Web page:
obscurity and toil, while thWe garden of the Tuil-
erles and the Elysid Fields were thronged
with children, y r so beautiful nor so intel-
ligent, who vf reveling in boundless wealth,
and living a world of luxury and splendor
which, hlippon's imagination, seemed more
allure' than any idea he could form of heaven ?
T thoughts were a consuming fire in the
m of the ambitious father. They burned
ith inextinguishable flame.
The fond parent made the sprightly and fas-
cinating child his daily companion. He led her
by the hand, and confided to her infantile spirit
all his thoughts, his illusions, his day-dreams.
To her listening ear he told the story of the ar-
rogance of nobles, of the pride of kings, and of
the oppression by which he deemed himself un-
justly doomed to a life of penury and toil. The
light-hearted child was often weary of these
complaining, and turned for relief to the pla-
cidity and cheerfulness of her mother's mind.
Here she found repose-a soothing, calm, and
holy submission. Still the gloom of her father's
spirit cast a pensive shade over her own feel.
1756.] CHILDHOOD. 19
Early ts ofcharacter. Lae o books
ings, and infused a tone of melancholy and an
air of unnatural reflection into her character.
By nature, Jane was endowed with a soul of
unusual delicacy. From early childhood, all
that is beautiful or sublime in nature, litera-
ture, in character, had oha's to rikt her en-
tranced attention. She loved; o sit alone at
her chamber window in the evening of a sum-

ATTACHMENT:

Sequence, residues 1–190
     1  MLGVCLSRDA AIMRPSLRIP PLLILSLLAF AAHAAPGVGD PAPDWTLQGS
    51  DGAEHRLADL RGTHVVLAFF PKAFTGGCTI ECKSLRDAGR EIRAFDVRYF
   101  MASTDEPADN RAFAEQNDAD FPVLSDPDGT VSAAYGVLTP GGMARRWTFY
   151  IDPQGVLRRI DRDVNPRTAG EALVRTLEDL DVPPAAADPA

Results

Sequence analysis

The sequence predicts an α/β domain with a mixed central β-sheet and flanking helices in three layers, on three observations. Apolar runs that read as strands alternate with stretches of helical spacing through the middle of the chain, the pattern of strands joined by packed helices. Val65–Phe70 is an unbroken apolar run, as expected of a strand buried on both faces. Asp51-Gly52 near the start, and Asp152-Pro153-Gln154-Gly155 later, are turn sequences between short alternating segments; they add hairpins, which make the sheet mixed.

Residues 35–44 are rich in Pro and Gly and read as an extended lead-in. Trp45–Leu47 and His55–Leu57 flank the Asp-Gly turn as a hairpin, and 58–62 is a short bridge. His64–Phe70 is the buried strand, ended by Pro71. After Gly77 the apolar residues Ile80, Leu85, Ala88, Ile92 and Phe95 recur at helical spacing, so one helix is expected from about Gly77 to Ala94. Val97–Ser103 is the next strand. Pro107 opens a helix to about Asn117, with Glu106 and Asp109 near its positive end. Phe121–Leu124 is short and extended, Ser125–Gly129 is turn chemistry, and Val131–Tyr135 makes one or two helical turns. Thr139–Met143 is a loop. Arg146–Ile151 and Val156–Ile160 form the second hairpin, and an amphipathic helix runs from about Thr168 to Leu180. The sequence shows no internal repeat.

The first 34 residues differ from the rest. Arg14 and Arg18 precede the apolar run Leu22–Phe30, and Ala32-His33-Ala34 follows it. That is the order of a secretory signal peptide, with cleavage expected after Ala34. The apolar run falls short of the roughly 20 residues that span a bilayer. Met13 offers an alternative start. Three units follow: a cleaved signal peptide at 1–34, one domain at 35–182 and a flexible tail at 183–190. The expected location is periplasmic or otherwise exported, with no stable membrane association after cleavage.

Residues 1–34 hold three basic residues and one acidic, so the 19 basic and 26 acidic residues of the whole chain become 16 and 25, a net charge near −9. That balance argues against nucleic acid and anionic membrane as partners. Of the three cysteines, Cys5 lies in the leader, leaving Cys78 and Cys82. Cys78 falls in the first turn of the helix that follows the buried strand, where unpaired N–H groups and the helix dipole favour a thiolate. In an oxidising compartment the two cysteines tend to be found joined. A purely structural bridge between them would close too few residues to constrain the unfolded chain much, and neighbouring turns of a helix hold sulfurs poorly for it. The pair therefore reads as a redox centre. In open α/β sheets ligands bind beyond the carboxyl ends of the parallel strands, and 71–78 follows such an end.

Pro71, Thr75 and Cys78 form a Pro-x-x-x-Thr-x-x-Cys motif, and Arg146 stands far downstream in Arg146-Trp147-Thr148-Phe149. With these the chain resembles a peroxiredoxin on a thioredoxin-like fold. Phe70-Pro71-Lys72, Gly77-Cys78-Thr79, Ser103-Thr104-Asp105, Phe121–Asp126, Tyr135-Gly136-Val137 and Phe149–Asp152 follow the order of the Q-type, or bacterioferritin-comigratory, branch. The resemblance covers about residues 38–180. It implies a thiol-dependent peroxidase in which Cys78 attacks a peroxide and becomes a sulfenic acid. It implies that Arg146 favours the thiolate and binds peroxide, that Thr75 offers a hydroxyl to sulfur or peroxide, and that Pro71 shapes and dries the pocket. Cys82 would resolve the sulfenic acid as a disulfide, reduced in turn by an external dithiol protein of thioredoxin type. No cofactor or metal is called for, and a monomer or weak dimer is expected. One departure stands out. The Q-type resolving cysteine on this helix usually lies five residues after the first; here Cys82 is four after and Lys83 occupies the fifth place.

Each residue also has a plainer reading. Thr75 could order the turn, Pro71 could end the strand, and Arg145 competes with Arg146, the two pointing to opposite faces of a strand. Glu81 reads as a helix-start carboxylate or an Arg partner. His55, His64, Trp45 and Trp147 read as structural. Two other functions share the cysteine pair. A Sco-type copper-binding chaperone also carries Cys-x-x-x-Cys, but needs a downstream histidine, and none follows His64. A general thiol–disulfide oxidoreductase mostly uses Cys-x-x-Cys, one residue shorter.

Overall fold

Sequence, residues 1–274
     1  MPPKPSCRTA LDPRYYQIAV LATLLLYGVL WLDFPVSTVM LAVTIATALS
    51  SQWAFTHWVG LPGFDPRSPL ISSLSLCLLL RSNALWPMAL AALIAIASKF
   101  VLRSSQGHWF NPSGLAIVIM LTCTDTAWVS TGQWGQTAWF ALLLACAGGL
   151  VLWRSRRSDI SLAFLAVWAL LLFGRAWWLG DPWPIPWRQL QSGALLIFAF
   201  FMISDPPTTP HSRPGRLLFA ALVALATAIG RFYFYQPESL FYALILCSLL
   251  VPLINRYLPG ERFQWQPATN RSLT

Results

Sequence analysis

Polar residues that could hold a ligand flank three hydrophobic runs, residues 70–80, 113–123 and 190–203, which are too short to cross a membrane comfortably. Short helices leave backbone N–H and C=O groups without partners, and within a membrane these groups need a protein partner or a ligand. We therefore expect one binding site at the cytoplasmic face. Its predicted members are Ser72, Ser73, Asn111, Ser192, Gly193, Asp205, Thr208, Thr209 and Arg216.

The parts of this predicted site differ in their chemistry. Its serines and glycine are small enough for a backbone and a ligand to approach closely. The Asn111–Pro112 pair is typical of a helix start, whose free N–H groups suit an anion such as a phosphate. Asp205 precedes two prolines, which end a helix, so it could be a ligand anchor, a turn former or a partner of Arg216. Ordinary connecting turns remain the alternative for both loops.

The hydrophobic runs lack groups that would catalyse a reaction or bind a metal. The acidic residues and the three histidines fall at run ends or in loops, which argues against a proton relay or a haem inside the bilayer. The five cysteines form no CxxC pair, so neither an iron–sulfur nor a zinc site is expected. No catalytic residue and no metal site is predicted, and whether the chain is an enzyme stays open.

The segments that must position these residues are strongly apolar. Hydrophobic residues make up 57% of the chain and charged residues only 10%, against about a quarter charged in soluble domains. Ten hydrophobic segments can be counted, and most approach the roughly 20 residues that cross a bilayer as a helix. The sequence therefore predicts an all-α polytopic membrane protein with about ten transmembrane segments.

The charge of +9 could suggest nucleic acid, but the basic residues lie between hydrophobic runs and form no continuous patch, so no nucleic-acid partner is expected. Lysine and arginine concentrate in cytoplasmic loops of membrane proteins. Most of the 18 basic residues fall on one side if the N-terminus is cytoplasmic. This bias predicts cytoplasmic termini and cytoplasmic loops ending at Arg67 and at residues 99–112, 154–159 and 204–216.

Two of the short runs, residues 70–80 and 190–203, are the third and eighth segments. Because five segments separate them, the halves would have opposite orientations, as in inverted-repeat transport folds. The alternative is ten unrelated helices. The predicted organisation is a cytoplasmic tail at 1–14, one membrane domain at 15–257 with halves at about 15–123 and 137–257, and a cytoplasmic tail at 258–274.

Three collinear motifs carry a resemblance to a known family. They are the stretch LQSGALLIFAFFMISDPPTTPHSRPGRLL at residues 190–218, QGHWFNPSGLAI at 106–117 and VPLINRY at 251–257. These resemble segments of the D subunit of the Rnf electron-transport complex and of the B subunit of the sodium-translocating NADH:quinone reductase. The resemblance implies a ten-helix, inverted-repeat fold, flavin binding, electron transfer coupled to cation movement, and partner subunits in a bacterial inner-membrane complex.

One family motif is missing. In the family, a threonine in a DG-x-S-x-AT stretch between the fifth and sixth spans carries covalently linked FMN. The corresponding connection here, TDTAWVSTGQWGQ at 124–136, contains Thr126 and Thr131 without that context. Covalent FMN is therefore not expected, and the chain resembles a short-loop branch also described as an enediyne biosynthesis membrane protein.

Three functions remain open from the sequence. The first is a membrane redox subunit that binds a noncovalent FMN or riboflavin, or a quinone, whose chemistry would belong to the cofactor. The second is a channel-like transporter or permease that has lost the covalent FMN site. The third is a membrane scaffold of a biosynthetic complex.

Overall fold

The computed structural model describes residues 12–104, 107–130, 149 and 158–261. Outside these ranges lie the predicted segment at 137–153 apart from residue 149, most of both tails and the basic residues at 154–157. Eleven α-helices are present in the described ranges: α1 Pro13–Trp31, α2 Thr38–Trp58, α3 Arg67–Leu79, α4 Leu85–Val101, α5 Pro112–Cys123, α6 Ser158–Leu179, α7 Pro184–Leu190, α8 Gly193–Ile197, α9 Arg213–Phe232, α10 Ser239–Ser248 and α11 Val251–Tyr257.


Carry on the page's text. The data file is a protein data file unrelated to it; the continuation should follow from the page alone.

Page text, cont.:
mer's day, to gaze upon the gorgeous hues of
sunset. As her imagination roved through
those portals of a brighter world, which seemed
thus, through far-reaching vistas of glory, to be
opened to her, she peopled the sun-lit expanse
with the creations of her own fancy, and often
wept in uncontrollable emotion through the in-
fluence of these gathering thoughts. Books
of impassioned poetry, and descriptions of he-
roic character and achievements, were her '|
special delight. Plutarch's Lives, that bok
which, more than any other, appears to be the
incentive of'early genius, was hid beneath her
pillow, and read and re-read with tireless avid-
ity. Those illustrious heroes of antiquity be.
came the companions of her solitude and of her
hourly thoughts. She adored them and loved
mas her own most intimate personal friends.
character became insensibly molded to
20 MADAME ROLAND. [1757.
Jane's thir for reading. Her love of power.
their forms, and she was inspired with restless
enthusiasm to imitate their deeds. When but
twelve years of age, her father found her, one
day, weeping that she was not born a Roman
maiden."Little did she then imagine that, by
talent, byenffering, and by heroism, she was
to display a character the history of which
would eclipse the proudest narratives in Greek
or Roman story.
Jane appears never to have known the frivol-
ity and thoughtlessness of childhood. Before
she had entered the fourth year of her age she
knew how to read. From that time her thirst
for reading was so great, that her parents found
no little difficulty in furnishing her with a suf-
ficient supply. She not only read with eager-
ness every book which met her eye, but pur-
sued this uninterrupted miscellaneous reading
to singular advantage, treasuring up all import-
ant facts in her retentive memory. So entire-
ly absorbed was she in her books, that the only
successful mode of withdrawing her from them
was by offering her flowers, of which she was
passionately fond. Books and flowers contin-
ued, through all the vicissitudes of her life, even
till the hour of her death, to afford her the most
exquisite pleasure. She had no playmates, and
1760.] CHILDHOOD. 91
Jane' personal appearance. Thirst br knowlid.
thought no more of play than did her father and
mother, who were her only and her constant
companions. From infancy she was accustom.
ed to the thoughts and the emotions of mature
minds. In personal appearance she was, in ear-
liest childhood and through life, peculiarly in.
teresting rather than beautiful. As mature